October 4 – 2010 – Points East Coastal Drive

I guess we spoke to quickly about PEI police.  No sooner had we left our campground this morning that we passed our first police car.  Fortunately, Debbie was driving well under the sped limit.

Our trip took us onto the eastern third of the island today under bright sunny skies (although there were some high cumulus clouds which moved in later in the day).

Our first destination was Greenwich National Park on the north shore of the island, about which we’d heard great things. We were not disappointed.  Once there, we walked a path paralleling St. Peter’s Bay, and passing two enormous birch trees which date back to the turn of the century when the land was still being farmed.  The trail then forked through a thick fir and spruce forest before emerging onto a floating wooden walkway

crossing a marsh

and Bowley Pond

before a trail rises through sand dunes

and finally descending to the shore of the Gulf of St’ Lawrence.

From there we continued north east along the shore road.  Our next stop was at the small fishing village of Naufrage, most notable for Shipwreck Point Lighthouse.

As we passed through what the map purported to be the centers of towns/villages along our route of travel, we discovered that many were, at best, mere road junctions … with nary a gas station, post office or even a home in sight!

Arriving at North Lake,

(incidentally, the colorful sheds are where the fishermen store their traps, nets and other gear, at least during the season)

we discovered it bills itself as “the Tuna Capital of the World”‘ and at the time was hosting an international tuna competition with participants coming from as far away a Germany.

From there it was only a few miles to East Point, the most easterly end of PEI. Having also visited North Cape the day before, we were awarded a Tip-to-Tipcertificate. Other than a lighthouse, badly in need of a paint job,

a short but steep, red rock cliff descending into the water

and a view of Cape Breton Island, Nova Scotia (where we plan to be the day after tomorrow) in the distance, there isn’t much else to see.

The drive down the southwestern side of the peninsula actually provided more enjoyable scenery with frequent vistas of large farms and the ocean.

Our trip “home” took us through the center of the province’s capital, Charlottetown.  There we stopped by St. Dunstan’s Basilica, another architecturally remarkable Catholic Church.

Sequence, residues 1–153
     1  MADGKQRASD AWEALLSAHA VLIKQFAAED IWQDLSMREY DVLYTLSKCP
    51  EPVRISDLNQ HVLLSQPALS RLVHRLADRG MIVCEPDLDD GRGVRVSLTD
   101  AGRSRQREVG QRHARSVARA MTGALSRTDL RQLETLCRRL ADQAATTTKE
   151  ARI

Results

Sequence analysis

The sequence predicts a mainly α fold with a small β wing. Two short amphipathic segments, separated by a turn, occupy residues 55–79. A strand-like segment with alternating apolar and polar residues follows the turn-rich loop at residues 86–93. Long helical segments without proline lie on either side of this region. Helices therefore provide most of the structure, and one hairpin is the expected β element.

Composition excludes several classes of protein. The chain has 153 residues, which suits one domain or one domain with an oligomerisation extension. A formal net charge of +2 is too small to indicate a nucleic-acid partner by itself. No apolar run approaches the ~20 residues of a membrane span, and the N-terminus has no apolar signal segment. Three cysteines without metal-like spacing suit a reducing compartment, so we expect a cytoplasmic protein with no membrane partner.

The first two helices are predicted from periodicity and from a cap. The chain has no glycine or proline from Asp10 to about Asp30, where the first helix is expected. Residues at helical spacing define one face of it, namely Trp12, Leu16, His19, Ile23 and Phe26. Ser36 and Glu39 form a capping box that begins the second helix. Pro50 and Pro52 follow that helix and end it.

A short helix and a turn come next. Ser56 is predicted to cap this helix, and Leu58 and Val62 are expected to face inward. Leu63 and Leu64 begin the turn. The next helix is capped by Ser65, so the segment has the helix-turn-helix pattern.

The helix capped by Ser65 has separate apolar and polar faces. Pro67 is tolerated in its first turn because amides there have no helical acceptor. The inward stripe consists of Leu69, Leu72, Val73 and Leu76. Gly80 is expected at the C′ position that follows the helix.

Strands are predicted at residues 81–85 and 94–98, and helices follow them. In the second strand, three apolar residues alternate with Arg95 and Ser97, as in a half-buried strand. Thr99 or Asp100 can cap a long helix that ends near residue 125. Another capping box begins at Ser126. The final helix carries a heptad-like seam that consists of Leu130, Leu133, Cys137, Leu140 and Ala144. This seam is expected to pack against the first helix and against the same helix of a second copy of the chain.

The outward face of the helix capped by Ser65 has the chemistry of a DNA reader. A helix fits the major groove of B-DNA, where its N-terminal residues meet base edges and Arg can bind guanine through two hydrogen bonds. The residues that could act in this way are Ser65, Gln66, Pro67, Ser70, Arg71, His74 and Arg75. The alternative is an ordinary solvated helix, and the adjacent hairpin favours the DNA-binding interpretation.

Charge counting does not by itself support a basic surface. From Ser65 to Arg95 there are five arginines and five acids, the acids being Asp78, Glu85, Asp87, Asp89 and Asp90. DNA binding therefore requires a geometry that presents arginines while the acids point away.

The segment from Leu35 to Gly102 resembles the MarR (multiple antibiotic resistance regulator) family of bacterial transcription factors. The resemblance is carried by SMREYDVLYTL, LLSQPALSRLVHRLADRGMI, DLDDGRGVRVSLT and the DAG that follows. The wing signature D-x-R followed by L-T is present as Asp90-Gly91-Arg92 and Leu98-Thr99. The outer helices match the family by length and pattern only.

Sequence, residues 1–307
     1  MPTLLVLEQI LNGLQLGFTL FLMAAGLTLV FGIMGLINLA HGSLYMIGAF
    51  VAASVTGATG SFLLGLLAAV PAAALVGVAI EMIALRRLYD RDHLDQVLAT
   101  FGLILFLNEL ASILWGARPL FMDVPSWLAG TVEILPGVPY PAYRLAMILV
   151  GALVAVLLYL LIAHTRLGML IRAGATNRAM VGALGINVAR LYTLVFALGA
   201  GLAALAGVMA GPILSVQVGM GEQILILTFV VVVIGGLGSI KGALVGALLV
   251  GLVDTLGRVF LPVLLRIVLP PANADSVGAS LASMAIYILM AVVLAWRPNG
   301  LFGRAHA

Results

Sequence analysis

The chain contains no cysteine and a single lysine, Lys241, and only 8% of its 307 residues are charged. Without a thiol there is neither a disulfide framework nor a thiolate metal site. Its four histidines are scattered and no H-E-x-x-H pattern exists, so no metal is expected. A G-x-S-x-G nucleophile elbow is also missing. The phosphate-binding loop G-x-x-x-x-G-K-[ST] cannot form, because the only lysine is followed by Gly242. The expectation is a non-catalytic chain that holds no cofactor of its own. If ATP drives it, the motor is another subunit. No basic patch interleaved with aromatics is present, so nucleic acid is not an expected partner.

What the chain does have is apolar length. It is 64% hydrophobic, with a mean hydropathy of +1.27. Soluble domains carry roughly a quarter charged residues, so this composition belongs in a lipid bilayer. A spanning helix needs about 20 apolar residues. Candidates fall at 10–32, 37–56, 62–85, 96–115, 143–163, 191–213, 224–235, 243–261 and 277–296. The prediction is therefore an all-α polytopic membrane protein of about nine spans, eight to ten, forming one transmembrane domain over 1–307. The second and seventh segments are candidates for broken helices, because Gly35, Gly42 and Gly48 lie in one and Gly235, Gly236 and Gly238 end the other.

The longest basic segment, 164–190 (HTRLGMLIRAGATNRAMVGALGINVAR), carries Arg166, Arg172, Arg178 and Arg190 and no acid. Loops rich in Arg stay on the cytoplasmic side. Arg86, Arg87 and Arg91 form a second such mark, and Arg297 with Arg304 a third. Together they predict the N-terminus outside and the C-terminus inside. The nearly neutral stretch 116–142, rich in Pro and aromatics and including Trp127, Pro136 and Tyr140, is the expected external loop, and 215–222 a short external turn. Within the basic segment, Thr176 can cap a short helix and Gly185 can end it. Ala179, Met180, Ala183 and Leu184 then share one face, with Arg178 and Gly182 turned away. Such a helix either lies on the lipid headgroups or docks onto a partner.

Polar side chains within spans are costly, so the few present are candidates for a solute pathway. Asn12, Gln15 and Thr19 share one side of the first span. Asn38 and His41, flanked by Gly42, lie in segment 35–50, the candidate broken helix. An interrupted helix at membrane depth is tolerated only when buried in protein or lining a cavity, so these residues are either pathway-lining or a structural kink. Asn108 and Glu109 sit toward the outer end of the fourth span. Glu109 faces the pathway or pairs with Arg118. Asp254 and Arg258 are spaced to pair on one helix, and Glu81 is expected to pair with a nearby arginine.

Some final observations on PEI …

1.  In addition to cattle we saw many horses across the island, some used for horse pulls, some for sulky racking and others for pulling “rakes” for harvesting of seaweed.

2.  There are many “For Sale” signs for both residential and commercial properties.  Yet, with only a few exceptions, even these properties are neatly maintained.

3.  For visitors, the road signage is as good as anywhere we’ve traveled.

4.  Aside from the fragrant firs and spruces, there are many beautiful stands of white birches, which are sadly dying out in many places in the US.

5.  I’ve mentioned the number of churches on PEI,  Well, there are at least as many, if not more, cemeteries; between fields or residential properties, surrounded by trees and even in “Vs” between road intersections …and all are well mowed and maintained.

6.  For all the pristine landscaping, other than on come larger commercial properties, there is a noticeable lack of the use of mulch, despite the timber industry on PEI.

7.  As the fishing/lobstering season ends, scores, if not hundreds of the island’s fishermen have have their boats and traps trucked to their homes where they sit until spring.

8.  We did see a red fox, the island’s top predator, but unfortunately were unable to snap a picture.

9.  As it is fall, farmers are cutting and bundling hay.  On PEI, they roll the bales, stack them end-to-end and then wrap the long rolls in plastic; sometimes extending over one-tenth of a mile in length.

Just before getting back to our campground, we were rewarded with the first sunset we’d seen since before leaving Pennsylvania.

Debbie and I truly fell in love with PEI  Although it is a long way from where we live and we have other extensive travel plans, we hope to someday have the opportunity to return to this beautiful and friendly island for a longer stay.

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